Yukon general election, 1978

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The 1978 Yukon general election, held on November 20, 1978, was the first conventional legislative election in the history of Canada's Yukon Territory. Prior elections were held to elect representatives to the Yukon Legislative Council, a non-partisan body that acted in an advisory role to the Commissioner of the Yukon. Following the passage of the Yukon Elections Act in 1977, the 1978 election was the first time that voters in the Yukon elected representatives to the Yukon Legislative Assembly in an election organized along political party lines.

Hilda Watson, the first woman ever to lead a political party into an election in Canada, was the leader of the Progressive Conservatives. Although the party won the election, Watson herself was defeated in Kluane by Liberal candidate Alice McGuire, and thus did not become government leader. The position of government leader instead went to Chris Pearson.

New Democratic leader Fred Berger was also defeated in his own riding. He remained leader of the party until 1981, when he was succeeded by the party's sole elected MLA, Tony Penikett.

Results by party[edit]

Party Party Leader # of cands Seats
Before After % of vote
Progressive Conservative Hilda Watson 15 11 37.1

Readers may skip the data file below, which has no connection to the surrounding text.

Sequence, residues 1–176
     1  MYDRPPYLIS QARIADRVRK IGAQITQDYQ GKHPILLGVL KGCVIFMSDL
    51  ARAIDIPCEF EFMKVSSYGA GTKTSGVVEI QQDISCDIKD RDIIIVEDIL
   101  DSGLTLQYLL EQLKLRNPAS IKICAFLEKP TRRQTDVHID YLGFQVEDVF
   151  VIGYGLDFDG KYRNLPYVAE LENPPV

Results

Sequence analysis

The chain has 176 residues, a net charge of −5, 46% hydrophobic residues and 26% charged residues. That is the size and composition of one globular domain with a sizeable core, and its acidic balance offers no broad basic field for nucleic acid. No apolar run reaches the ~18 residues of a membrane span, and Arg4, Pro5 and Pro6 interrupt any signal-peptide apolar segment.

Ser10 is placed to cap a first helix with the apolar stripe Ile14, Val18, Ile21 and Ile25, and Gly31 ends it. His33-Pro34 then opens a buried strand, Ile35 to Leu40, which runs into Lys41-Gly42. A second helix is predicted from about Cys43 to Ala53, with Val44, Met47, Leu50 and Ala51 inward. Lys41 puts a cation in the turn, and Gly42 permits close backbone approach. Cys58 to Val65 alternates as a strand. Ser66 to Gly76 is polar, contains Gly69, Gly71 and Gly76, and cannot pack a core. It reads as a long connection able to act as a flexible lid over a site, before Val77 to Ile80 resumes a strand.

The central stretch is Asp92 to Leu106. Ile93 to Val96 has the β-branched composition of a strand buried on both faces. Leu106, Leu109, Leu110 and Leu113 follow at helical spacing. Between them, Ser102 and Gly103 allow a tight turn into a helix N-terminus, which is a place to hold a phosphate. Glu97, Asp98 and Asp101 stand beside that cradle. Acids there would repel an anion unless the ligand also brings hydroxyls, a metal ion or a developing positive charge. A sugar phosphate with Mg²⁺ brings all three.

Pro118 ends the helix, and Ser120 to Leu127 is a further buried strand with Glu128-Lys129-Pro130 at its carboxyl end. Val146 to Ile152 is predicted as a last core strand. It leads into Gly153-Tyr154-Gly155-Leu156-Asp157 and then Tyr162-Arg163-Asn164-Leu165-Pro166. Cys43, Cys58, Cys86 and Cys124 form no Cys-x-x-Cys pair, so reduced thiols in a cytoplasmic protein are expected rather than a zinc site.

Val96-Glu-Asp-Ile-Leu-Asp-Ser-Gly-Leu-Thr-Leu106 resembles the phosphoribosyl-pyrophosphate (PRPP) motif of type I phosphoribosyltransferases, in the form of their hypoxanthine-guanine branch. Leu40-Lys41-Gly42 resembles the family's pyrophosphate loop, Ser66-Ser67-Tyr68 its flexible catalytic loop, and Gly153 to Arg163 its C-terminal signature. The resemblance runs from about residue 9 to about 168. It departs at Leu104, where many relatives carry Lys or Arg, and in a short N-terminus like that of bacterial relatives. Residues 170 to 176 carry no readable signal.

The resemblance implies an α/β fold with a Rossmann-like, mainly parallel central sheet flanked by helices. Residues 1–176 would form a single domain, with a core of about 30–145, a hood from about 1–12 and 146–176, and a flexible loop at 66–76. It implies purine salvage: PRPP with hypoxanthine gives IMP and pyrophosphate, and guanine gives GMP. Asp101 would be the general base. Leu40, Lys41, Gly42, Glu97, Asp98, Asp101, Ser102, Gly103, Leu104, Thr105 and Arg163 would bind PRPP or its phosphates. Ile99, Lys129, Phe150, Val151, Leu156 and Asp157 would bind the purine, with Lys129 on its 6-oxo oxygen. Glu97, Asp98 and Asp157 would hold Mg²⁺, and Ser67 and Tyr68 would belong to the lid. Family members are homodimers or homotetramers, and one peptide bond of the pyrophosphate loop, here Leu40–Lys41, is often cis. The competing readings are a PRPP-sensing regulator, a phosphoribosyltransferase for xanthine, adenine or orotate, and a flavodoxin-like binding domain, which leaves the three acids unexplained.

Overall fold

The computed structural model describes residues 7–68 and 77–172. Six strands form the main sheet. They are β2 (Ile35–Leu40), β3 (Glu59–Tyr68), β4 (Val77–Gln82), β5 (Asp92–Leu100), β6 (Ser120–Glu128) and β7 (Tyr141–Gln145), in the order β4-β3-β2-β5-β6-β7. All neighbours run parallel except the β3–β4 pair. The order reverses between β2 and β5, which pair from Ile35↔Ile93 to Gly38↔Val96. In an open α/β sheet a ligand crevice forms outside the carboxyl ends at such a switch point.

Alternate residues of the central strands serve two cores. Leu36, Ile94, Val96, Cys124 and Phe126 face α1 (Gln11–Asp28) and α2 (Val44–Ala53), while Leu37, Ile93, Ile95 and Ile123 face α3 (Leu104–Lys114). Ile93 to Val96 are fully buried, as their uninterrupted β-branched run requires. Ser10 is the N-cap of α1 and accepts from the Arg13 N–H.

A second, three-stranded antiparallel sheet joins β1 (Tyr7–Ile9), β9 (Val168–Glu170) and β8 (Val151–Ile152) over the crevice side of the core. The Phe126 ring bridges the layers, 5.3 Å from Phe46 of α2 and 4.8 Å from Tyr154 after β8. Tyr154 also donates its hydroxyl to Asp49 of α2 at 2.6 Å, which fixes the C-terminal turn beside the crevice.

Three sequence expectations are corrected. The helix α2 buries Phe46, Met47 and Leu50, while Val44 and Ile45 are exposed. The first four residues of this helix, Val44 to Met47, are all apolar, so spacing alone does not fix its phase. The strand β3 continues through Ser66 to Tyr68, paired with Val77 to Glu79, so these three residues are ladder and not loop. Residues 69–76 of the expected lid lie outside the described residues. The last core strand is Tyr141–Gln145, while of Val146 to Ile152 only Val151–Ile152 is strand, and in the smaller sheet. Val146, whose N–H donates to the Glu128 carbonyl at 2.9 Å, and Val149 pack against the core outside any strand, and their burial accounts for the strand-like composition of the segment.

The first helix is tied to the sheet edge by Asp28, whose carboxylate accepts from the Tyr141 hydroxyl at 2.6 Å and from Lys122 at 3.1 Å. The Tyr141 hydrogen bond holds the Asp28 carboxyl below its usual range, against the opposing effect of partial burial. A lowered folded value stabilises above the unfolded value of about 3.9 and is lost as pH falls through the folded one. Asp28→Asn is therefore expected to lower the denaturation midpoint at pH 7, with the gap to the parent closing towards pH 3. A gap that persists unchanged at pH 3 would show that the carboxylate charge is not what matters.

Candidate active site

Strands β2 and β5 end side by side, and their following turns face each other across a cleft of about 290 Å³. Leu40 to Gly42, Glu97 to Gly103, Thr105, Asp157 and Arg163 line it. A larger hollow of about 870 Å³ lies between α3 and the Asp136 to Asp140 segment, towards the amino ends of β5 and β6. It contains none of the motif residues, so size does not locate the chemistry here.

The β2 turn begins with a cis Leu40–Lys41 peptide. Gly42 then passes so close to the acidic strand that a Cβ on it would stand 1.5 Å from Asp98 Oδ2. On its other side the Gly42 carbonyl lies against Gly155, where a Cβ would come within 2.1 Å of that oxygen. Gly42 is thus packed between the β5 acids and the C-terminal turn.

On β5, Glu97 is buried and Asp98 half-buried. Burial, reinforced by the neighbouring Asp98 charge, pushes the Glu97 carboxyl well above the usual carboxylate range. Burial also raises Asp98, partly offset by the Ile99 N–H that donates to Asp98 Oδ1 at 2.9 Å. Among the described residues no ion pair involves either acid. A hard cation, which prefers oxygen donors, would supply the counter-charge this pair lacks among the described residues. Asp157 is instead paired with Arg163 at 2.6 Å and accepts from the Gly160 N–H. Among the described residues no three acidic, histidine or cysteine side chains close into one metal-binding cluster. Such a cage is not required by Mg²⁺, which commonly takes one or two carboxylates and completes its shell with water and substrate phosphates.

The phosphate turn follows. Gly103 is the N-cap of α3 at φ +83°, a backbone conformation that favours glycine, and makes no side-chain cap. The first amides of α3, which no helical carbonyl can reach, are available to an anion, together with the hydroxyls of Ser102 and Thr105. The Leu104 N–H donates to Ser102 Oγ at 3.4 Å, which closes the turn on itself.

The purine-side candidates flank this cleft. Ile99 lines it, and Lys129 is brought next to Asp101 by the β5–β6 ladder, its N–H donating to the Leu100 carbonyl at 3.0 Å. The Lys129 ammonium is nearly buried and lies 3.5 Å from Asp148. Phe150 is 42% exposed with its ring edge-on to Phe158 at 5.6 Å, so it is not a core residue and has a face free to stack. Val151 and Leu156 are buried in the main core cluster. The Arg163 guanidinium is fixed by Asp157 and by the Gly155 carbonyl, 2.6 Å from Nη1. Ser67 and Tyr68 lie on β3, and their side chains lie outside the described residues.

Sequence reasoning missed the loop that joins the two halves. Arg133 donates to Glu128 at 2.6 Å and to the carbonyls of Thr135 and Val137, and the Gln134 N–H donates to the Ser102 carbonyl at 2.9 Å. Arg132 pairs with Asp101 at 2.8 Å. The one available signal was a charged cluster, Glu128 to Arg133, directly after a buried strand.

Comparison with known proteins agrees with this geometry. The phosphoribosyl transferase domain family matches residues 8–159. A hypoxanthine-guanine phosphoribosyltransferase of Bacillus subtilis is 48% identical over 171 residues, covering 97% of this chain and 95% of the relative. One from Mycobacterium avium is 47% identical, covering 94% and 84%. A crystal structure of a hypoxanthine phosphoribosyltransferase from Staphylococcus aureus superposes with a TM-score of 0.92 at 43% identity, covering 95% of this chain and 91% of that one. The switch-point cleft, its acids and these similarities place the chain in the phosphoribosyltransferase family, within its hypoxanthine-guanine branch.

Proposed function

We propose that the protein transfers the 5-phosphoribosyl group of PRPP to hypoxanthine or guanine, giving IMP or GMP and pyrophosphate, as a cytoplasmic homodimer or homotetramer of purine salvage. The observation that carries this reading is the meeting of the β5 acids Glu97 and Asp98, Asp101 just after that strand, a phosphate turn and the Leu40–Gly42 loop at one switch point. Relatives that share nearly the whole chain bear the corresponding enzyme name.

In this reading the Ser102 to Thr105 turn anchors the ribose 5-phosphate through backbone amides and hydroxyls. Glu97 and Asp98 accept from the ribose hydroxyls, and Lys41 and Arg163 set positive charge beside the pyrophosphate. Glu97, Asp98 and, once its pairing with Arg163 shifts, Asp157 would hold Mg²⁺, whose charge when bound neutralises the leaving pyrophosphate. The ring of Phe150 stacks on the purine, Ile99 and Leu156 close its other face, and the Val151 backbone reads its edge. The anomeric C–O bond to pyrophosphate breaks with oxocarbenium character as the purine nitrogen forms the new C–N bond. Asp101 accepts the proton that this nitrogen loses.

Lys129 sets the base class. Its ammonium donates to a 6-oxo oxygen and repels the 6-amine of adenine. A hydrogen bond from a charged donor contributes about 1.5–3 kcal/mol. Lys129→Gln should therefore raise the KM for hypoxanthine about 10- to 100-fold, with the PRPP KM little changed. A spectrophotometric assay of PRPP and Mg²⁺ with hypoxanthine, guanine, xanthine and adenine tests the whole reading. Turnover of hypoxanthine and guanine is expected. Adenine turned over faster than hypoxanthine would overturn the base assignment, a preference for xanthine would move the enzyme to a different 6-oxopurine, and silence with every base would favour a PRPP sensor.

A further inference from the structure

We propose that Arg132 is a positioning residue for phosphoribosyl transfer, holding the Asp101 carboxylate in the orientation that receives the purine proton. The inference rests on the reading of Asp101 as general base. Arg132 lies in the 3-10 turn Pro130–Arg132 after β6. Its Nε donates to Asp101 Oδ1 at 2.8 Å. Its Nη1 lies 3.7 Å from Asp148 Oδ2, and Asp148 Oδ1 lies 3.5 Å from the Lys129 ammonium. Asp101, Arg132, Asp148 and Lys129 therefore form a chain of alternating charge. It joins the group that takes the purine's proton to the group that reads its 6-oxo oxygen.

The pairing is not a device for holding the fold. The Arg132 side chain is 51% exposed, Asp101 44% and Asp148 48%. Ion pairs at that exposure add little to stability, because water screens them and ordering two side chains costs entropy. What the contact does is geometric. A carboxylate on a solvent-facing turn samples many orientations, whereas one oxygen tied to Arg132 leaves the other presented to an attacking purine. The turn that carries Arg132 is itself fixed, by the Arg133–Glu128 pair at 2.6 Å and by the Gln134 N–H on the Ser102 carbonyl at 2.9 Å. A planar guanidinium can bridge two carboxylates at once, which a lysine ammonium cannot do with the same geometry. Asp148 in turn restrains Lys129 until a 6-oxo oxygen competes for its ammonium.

Liberal Iain McKay 13 2 26.0
Independent 10 16 2 16.6
NDP Fred Berger 14 1 20.3
Total   52 16 16  

Results by riding[edit]

Electoral District Party Candidate
Campbell Robert Fleming
Faro Maurice Byblow
Hootalinqua Al Falle
Klondike Meg McCall
Kluane Alice McGuire
Mayo Peter Hanson
Old Crow Grafton Njootli
Tatchun Howard Tracey
Watson Lake Don Taylor
Whitehorse Porter Creek East Dan Lang
Whitehorse Porter Creek West Doug Graham
Whitehorse Riverdale North Chris Pearson
Whitehorse Riverdale South Iain McKay
Whitehorse North Centre Geoff Latin
Whitehorse West Tony Penikett
Whitehorse South Centre Dr. Jack Hibberd

Member changes[edit]

Liberal leader Iain MacKay resigned the party leadership and his seat in the legislature in 1980, and was succeeded in both roles by Ron Veale.[1]

Following Penikett's accession to the leadership of the NDP in 1981, Maurice Byblow, elected as an independent, joined the party.

Jack Hibberd resigned his seat in the legislature on April 15, 1981, after accepting a position as a surgical consultant with a hospital outside of the Yukon. The resulting by-election, held on October 13, was won by New Democrat Roger Kimmerly. Now holding three seats in the legislature, the NDP replaced the Liberals as the Official Opposition.[2]


  1. ^ "Byelections". CPA Activities: The Canadian Scene, Vol. 4, No. 2.
  2. ^ "NDP's by-election win makes it Opposition". The Globe and Mail, October 15, 1981.